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Post Convention Bounce in the States


PostRNCStateBounce910.png

The McCain campaign has gained significant support in national polling since the end of the Republican Convention, but what about the state polls? Has the shift also been reflected there?

State pollsters appeared to go on vacation for the conventions, with very little new polls during the two weeks of conventions (and the week before). Now the pollsters are back, tanned and rested and ready to go. We've added 17 new state polls since the RNC ended, and while we'd love to see more, it is enough to get started with some analysis.

The chart above shows the national trend in blue and the trend based on those states with post-convention polls in purple. Over the course of the year, the two trends have followed each other rather well with some small differences in details but qualitatively similar patterns of up and down movement.

Now in the post-RNC period, the states with new polls match the national polls quite closely, both giving estimates of about a one point McCain lead, with the states maybe a shade less than that.

This post-convention bounce may or may not last, but at the moment the evidence is that it is moving across the states (and these are mostly competitive states) at about the same rate as it is for the national polls.

States for which we have new polls are Colorado, Florida, Maryland, Michigan, Montana, New Jersey, North Carolina, Ohio, Oklahoma, Pennsylvania, Virginia, Washington and Wisconsin.

Cross-posted at Political Arithmetik.

 

Comments

One addition. The national trend shows a post-DNC pro-Obama bounce that does not appear for the state trend. That is an artifact of the lack of state polls during the conventions, not an indication that the states didn't respond favorably to the DNC. Without state polls, we'll never know, but given the rest of the similarity between the trends it is reasonable to assume there was a positive response to the DNC as well.

Charles

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Jeff:

One thing I've noticed is that with the exception of the FOX Colorado poll yesterday (and the FL tie), all the polls that have come in so far this week are trending toward the outcome of the 2004 election. Not the same percentages, just the red/blue.

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Allen:

The probability projections at http://election-projection.net also show a large post-convention bounce for McCain. It appears though from the national polls that the bounce is over, so I expect things to stabilize, and maybe even recover slightly for Obama since some of the polls were taken during the bounce.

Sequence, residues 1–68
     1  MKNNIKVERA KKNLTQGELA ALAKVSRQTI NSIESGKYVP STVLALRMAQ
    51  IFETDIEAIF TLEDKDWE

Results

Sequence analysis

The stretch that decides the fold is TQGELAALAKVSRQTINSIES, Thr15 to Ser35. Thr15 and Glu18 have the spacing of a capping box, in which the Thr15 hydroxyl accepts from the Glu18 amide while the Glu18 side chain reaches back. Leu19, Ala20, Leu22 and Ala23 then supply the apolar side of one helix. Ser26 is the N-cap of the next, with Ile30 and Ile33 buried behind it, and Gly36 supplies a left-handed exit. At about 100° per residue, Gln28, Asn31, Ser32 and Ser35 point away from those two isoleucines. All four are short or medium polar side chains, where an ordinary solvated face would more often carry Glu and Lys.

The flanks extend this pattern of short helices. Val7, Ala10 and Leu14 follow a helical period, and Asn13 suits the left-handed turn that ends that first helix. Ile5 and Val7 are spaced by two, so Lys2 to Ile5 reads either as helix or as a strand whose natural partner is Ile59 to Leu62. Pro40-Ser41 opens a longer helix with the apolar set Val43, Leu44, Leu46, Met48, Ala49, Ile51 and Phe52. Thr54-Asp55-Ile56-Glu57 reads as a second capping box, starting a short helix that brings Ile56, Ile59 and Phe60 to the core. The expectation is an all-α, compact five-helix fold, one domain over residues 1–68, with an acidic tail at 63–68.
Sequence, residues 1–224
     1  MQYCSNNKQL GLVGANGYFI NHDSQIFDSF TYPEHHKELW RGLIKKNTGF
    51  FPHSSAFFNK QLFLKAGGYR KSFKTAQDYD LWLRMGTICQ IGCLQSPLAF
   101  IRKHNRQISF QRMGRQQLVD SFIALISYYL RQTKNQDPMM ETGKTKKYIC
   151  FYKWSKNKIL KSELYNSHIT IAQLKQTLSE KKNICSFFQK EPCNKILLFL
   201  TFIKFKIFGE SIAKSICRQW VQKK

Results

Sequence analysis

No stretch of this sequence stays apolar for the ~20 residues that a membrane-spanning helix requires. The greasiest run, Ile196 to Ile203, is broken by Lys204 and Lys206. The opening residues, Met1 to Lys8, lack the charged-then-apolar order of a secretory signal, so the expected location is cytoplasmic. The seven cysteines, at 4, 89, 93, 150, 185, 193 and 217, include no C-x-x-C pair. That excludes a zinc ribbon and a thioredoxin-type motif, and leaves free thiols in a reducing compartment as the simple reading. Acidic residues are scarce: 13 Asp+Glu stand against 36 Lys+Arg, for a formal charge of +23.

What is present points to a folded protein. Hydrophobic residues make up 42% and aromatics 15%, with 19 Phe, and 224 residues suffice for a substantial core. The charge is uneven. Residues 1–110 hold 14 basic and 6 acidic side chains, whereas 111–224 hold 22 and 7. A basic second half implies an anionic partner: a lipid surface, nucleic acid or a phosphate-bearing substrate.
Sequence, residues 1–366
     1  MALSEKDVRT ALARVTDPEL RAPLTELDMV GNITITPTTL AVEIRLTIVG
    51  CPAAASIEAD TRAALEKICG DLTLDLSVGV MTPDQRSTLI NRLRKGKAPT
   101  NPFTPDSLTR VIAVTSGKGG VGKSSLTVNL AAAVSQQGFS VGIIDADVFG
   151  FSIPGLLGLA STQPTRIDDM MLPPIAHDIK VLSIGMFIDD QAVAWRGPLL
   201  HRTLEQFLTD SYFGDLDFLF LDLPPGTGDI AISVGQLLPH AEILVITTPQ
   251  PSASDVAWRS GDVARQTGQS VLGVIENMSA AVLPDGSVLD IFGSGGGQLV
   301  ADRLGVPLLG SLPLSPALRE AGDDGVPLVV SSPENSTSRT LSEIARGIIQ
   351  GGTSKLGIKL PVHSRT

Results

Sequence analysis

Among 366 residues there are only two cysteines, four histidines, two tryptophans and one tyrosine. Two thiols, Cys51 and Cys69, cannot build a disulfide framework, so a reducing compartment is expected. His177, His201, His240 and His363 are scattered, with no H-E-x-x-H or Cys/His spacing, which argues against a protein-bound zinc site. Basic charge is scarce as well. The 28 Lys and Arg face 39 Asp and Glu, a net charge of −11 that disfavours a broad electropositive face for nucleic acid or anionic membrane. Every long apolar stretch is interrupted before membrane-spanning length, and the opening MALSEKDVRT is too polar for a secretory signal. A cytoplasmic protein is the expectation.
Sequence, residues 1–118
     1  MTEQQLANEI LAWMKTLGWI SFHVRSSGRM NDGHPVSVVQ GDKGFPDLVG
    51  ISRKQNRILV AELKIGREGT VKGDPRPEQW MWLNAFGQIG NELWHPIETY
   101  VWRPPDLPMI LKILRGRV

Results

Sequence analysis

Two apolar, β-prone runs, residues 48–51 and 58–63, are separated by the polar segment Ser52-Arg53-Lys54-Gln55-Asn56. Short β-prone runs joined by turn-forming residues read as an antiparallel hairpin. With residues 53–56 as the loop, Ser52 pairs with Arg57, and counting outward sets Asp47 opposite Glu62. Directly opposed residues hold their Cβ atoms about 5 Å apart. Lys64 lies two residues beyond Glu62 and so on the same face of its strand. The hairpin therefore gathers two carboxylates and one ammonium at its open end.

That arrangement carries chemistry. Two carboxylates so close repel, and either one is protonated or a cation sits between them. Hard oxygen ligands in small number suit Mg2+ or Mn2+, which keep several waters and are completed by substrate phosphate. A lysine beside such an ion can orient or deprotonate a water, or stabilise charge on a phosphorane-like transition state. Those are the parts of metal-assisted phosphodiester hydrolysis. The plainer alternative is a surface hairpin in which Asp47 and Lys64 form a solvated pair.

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PoliticallyGrounded:

Nothing compelling thus far with the polls coming out. I'll be a little more interested in the polls coming out next week. Unfortunately, the press has gotten a lot of these premature polls and now are pretend that we have hit a turning point.

Surely, perceptions have been affected by the VP selections and party conventions, but it is a long way until election day. The thing about undecided voters is that if they've already made their choice based on VP selection and party convention, they were not undecided voters to begin with.

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Gary Kilbride:

Jeff makes an excellent point. Everything tends to drift back to the beginning. The fraud in this cycle has already taken place. It was the claims that Obama would explode the electoral map and reel in red states. I'll continue to assert that those states with 38+% conservatives aren't going anywhere, not without a national mandate. There have been guys on Intrade swooping up incredible bargains taking McCain at lower than actual likelihood to win North Carolina and other red states. I feel stupid that my only freebie was Indiana. I wanted close to 50/50 instead of settling for 70/30 while knowing it should have been in the 90/10 range.

BTW, those guys on Intrade aren't waiting for state polls. That's like knowing about a crucial injury and waiting for triple verification on ESPN. At that point the value is long gone. National indications were responsible for the major moves on Intrade. It's simple to look at an individual state and determine where the percentage is out of whack with an even national race.

The disgusting aspect of the primary season were early garbage state polls insisting Obama and Hillary would be wildly apart in relationship to McCain in individual states. Some of them insisted 8 or 12 points. Complete nonsense. It should have been a felony for polling firms to come up with numbers like that but they were touted as proof on Daily Kos and elsewhere. Meanwhile, in a polarized general election climate you've got 85% locked in place and there's no way two different Democrats are going to fare significantly different against the same Republican. You're talking a point or two at the margins.

Anyway, are we really debating if a national shift will impact the individual states? I might as well wonder if I shoot 32 tomorrow, will it include a birdie or better?

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RS:

2008 like 2004? HA!

Not when you consider that Obama could win even if he loses OH - IA+NM+NV+ = tie/win; or IA+NM+CO; or IA+VA-NH, etc.

These are still very much possible. Bush won VA by 8%, but it's a toss-up now, as is CO (Bush won by 5%). Not listed above, but Bush won NC by 12%, while the difference is probably still about 4% now despite what SUSA says; see PPP:
http://publicpolicypolling.blogspot.com/2008/09/more-on-surveyusa-poll.html

And while Ras has McCain ahead in OH, Quinnipiac has Obama ahead. So for all we know, Obama could still win close to 300 EVs... That dynamic still exists.

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